Does your dataset match up with other available data out there? This can be difficult to confirm, but it is often useful to employ a sampling methodology. Select a significant sample of your records (3-5%) and decide which values you can check for accuracy. If your data is transactional contract data, you could request the full contracts for your sample records and compare the structured data you have with the prose of the contract to confirm that it is correct. You can sometimes check contract and grant amounts from journalistic outlets or company websites.
Sometimes governments can lag behind in their reporting. Even if a dataset says it's for a specific time period, do you notice a long tail of records closer to the end of the time frame? If so, you may want to restrict your analysis to the subset of data where you have a healthy sampling.
Some projects have gone beyond simple assessments of data quality to ensure confidence in the result of a project and become projects completely about data quality itself. These projects provide clear examples of what it means to check the quality of data.
The Open Knowledge Foundation has recently created a data quality monitor for UK transactional expenditure data, which has been developed in cooperation with the data.gov.uk team. Each imported file is documented, highlighting any mistakes in the data structure or formal representation of the data.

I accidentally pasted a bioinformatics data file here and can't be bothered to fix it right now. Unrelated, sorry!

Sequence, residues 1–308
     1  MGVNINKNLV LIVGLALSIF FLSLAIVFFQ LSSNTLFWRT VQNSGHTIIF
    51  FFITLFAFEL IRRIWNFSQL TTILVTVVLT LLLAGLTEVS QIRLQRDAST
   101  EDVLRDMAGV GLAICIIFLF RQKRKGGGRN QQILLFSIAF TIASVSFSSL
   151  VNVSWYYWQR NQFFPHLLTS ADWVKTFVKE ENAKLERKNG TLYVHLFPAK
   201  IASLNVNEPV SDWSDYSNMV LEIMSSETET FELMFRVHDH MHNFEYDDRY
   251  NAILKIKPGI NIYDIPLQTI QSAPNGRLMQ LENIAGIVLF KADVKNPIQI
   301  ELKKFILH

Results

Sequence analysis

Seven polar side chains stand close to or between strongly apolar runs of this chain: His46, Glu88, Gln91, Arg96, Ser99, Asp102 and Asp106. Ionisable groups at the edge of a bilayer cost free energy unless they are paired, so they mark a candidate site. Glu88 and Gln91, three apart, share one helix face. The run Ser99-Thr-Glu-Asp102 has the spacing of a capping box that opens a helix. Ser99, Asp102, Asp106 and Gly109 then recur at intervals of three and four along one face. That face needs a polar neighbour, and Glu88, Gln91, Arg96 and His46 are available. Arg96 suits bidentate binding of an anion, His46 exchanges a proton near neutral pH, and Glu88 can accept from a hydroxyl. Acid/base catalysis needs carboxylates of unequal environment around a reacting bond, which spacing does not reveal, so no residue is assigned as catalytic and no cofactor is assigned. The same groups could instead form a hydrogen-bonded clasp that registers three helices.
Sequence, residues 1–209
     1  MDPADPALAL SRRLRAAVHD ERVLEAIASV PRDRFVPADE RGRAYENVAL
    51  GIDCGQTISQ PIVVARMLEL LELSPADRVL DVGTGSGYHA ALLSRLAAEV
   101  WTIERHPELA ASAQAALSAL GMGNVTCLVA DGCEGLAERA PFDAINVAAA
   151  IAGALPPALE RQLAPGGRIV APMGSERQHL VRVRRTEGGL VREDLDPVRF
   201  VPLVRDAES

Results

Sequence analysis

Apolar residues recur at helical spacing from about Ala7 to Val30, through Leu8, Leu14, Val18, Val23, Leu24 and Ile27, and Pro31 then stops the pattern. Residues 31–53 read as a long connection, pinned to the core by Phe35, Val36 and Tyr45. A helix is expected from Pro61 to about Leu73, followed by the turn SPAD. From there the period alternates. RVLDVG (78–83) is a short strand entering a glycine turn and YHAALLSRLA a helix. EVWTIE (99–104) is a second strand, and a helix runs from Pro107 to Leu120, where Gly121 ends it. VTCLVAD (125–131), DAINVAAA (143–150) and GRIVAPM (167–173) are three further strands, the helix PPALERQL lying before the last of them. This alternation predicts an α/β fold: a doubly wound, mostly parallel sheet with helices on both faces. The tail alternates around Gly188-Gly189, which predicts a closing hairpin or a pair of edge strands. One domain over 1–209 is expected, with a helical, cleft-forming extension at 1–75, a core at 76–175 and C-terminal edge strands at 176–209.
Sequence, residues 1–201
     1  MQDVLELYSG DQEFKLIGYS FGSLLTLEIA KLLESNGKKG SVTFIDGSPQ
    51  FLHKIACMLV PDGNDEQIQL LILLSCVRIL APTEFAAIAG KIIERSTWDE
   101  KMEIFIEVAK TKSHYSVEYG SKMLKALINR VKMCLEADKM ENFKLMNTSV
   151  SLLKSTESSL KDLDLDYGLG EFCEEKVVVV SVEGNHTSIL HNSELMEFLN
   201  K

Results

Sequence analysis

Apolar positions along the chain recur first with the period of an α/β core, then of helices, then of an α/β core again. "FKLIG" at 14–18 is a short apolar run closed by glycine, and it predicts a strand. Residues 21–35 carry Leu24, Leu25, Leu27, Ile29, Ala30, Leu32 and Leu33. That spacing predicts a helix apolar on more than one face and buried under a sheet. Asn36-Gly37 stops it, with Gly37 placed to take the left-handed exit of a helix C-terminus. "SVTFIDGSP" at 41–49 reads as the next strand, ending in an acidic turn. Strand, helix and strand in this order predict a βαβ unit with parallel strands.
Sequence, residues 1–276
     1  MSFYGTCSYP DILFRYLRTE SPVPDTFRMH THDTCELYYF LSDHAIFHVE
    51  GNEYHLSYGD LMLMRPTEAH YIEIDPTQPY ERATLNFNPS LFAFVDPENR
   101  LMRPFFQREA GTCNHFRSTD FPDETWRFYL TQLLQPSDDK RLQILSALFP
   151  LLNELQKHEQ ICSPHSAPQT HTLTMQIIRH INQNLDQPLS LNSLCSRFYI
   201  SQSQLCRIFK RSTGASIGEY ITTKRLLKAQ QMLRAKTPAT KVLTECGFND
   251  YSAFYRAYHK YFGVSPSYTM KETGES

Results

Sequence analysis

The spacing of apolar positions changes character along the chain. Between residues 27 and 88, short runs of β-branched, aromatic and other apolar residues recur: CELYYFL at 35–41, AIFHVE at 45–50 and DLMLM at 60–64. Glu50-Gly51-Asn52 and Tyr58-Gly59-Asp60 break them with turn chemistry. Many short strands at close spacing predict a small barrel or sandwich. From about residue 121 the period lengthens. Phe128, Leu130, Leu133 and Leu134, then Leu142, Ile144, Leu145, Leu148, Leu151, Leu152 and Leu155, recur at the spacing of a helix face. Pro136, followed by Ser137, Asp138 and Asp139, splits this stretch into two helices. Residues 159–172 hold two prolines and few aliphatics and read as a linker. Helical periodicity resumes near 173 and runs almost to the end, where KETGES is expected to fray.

The Sunlight Foundation has run an annual report called Clearspending for the past three years that assesses the quality of the data reported in the US federal spending dashboard, USASpending.gov. The results haven't been very good, but they have highlighted the need for data standardization and oversight of the data release process.
Your goal in doing data-driven research should always be to have your work hold up in court. To ensure this, it is necessary to keep good documentation on data provenance, the origin and history of your dataset.
Data provenance documentation can be compared to the chain of custody which is maintained for criminal investigations. Each previous owner of a dataset must be identified, and they are held accountable for the processing and cleaning operations they have performed on the data.
Documenting the transformations you perform on your data can be as simple as writing a detailed prose explanation and keeping a series of copies of your dataset that represent key intermediate steps in your processing.
When working with Excel spreadsheets, documenting data provenance would include writing down each of the steps taken in transforming the data. Advanced data cleaning tools like OpenRefine provide methods of exporting the history of data processing operations along with datasets. If you write a program to process data, the program should be made available when users access the resulting data and shared as open-source code on a public code-sharing site such as GitHub.
Using version control for your data work is an advanced method of tracking its history. Version control systems like Git and Mercurial can track every change made to the data and allow you to easily roll back edits if you make a mistake. Software Carpentry offer a good introduction to version control.
There are also products that are specifically designed to help you document data provenance. Socrata is an open data platform that helps you perform transforms on spreadsheet-like data and share them with others easily. You can also use the Data Hub (pictured below), an open-source platform that allows for several versions of a spreadsheet to be collected together into one dataset.